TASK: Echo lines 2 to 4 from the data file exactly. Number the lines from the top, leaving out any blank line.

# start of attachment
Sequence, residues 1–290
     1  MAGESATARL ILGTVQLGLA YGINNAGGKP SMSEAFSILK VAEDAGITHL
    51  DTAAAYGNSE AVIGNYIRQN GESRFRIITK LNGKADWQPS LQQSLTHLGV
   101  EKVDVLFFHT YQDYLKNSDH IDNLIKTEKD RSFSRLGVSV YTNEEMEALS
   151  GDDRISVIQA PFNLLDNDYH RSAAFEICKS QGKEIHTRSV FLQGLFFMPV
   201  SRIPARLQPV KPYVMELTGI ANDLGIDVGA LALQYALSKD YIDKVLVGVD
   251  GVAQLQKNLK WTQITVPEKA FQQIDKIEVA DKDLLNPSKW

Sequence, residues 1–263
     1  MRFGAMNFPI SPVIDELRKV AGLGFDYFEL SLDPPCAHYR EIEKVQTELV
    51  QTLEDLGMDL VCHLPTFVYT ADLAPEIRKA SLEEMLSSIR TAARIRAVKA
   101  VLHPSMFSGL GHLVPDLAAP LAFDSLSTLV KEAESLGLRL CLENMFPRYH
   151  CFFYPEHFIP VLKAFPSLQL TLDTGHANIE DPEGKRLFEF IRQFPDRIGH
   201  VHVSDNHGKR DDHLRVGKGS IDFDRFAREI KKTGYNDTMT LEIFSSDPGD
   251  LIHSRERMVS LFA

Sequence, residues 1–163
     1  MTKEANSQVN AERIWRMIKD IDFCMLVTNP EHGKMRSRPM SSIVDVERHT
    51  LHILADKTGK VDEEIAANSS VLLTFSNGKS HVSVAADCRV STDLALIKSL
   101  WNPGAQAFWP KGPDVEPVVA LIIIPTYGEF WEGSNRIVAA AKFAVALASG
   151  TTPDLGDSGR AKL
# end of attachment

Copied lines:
     1  MAGESATARL ILGTVQLGLA YGINNAGGKP SMSEAFSILK VAEDAGITHL
    51  DTAAAYGNSE AVIGNYIRQN GESRFRIITK LNGKADWQPS LQQSLTHLGV
   101  EKVDVLFFHT YQDYLKNSDH IDNLIKTEKD RSFSRLGVSV YTNEEMEALS